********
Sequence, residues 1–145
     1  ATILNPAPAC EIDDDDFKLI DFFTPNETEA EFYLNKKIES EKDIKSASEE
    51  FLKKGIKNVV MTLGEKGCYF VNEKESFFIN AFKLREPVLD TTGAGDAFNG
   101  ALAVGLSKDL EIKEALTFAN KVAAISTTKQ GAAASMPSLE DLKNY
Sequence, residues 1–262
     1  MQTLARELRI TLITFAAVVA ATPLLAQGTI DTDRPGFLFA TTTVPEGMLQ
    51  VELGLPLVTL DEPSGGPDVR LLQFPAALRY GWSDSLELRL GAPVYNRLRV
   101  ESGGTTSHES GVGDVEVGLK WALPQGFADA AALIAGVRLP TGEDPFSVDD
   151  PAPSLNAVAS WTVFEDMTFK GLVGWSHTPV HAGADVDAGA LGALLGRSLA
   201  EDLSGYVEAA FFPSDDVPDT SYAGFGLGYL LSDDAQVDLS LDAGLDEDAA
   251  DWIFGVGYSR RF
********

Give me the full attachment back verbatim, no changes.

Sequence, residues 1–145
     1  ATILNPAPAC EIDDDDFKLI DFFTPNETEA EFYLNKKIES EKDIKSASEE
    51  FLKKGIKNVV MTLGEKGCYF VNEKESFFIN AFKLREPVLD TTGAGDAFNG
   101  ALAVGLSKDL EIKEALTFAN KVAAISTTKQ GAAASMPSLE DLKNY
Sequence, residues 1–262
     1  MQTLARELRI TLITFAAVVA ATPLLAQGTI DTDRPGFLFA TTTVPEGMLQ
    51  VELGLPLVTL DEPSGGPDVR LLQFPAALRY GWSDSLELRL GAPVYNRLRV
   101  ESGGTTSHES GVGDVEVGLK WALPQGFADA AALIAGVRLP TGEDPFSVDD
   151  PAPSLNAVAS WTVFEDMTFK GLVGWSHTPV HAGADVDAGA LGALLGRSLA
   201  EDLSGYVEAA FFPSDDVPDT SYAGFGLGYL LSDDAQVDLS LDAGLDEDAA
   251  DWIFGVGYSR RF